With all the bright-red, dry-farmed Early Girl tomatoes and thick floppy-leafed bundles of aromatic green basil in the markets right now, you might want to prepare the simple but delicious Rigatoni with Bacon and Tomatoes. But don’t miss the Rigatoncini with Roasted Heirloom Tomatoes and Pesto; Gemelli with Blistered Tomatoes and Balsamic Butter; Sun-Dried Tomatoes, Sirloin, and Spinach with Chiocciole (small, tubular pasta); or any of the dozens of flavorful, seasonal dishes. And then invite your family, friends, and neighbors for dinner!
Crispy Cauliflower with Kale and Rotini
Excerpted with permission from The Pasta Friday Cookbook: Let’s Eat Together by Allison Arevalo, Andrews McMeel Publishing
Have you guys met Alejandro? We’ve been married a long time, and I love him very much, but he’s a slightly picky eater. I once asked him to pick up cauliflower at the store, and he came home with an artichoke. I won’t tell you what happened when I asked for Romanesco.
Cauliflower is not Alejandro’s favorite, but even he likes it pan roasted and crispy, perhaps because it absorbs the deliciousness from everything else that’s in the pan, or perhaps because he doesn’t realize he’s eating cauliflower.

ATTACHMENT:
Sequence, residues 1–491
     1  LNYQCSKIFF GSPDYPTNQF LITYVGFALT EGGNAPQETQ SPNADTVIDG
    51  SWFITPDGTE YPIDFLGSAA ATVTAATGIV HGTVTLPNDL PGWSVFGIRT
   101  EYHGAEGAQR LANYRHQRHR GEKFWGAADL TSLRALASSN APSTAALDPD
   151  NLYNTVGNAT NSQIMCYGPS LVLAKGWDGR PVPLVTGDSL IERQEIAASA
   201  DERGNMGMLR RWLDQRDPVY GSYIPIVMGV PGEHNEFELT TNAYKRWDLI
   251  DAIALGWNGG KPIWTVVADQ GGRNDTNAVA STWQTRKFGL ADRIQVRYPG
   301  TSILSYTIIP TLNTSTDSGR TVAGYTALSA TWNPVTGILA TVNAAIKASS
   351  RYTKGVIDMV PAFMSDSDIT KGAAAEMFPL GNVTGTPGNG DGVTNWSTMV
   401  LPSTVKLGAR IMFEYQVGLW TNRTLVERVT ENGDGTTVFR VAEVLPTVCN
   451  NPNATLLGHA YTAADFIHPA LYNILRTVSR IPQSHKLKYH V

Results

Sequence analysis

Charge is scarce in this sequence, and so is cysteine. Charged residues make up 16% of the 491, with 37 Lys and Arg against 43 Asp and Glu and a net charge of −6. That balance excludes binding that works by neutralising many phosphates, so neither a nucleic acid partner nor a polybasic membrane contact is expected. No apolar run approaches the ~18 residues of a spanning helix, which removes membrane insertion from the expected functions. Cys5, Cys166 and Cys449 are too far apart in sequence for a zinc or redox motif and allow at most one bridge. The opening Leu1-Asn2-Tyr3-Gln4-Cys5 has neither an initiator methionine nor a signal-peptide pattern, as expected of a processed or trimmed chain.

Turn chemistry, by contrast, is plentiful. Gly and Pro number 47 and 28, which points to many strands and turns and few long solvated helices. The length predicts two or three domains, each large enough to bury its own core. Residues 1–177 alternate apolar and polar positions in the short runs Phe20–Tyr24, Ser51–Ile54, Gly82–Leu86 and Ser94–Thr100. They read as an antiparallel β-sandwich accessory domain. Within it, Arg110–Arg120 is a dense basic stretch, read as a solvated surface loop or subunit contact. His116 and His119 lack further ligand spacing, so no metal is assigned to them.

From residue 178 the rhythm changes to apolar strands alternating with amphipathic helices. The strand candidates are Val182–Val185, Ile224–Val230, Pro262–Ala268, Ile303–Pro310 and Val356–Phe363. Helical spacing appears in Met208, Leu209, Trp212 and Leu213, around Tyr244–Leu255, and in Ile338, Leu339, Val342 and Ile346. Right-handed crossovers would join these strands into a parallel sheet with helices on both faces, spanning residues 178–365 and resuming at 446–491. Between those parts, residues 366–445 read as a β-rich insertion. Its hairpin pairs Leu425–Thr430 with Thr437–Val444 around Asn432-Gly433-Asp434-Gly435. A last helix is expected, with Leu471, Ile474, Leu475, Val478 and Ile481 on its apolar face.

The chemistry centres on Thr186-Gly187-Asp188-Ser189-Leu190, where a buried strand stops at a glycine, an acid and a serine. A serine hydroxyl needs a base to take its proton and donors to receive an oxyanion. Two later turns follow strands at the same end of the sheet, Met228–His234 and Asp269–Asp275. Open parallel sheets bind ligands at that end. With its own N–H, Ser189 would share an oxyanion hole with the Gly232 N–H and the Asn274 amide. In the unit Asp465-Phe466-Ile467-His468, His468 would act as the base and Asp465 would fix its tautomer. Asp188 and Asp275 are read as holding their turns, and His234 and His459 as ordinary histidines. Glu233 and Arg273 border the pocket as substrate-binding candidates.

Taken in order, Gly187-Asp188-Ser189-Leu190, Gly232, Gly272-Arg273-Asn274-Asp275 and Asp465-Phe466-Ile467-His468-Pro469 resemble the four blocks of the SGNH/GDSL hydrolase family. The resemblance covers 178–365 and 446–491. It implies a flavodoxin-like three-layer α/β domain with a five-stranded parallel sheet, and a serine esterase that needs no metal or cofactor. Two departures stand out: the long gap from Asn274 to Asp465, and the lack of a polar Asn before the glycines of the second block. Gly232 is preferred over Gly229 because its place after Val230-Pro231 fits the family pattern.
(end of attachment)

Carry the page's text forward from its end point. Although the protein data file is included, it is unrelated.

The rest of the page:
Red: Spanish Rioja
White: Spanish Cava
Serves 4 to 6
½ cup extra-virgin olive oil, divided
1 large head cauliflower, any color, cored and finely chopped
1 pound rotini, penne, gemelli, or campanelle
¾ cup coarsely chopped walnuts
3 cloves garlic, minced
2 teaspoons grated lemon zest
1 teaspoon dried red chili flakes
2 large bunches (about 1 pound) Tuscan kale, stems trimmed, ribs and leaves finely chopped
Freshly ground black pepper
1 cup good-quality chicken stock, preferably homemade
½ cup fresh lemon juice
2 tablespoons unsalted butter
½ cup grated Pecorino Romano
Fill a 6-quart pot with water. Bring it to a boil and add 2 tablespoons of salt. Heat ¼ cup of the olive oil in a large, heavy pot over medium-high heat. Add the cauliflower and 1 teaspoon of salt, and stir. Cook without stirring for 5 minutes. Stir, then cook the cauliflower for 5 minutes more, until golden brown but not burnt. Transfer the cauliflower to a bowl.
Add the pasta to the boiling water and cook until slightly firmer than al dente, 1 minute less than it says on the package. Drain, reserving ½ cup of cooking water.
While the pasta is cooking, pour the remaining olive oil into the pot you cooked the cauliflower in and decrease the heat to medium-low. Add the walnuts, garlic, zest, and chili flakes, and cook for 1 minute. Add the kale, a pinch of salt, and a few grinds of black pepper, and stir to combine. Add the stock and cook for about 5 minutes, or until the kale is soft and wilted. Return the cauliflower to the pot and add the lemon juice. Add the pasta and butter, and toss to combine, adding the cooking water if it looks dry. Top with the grated pecorino Romano and fried capers.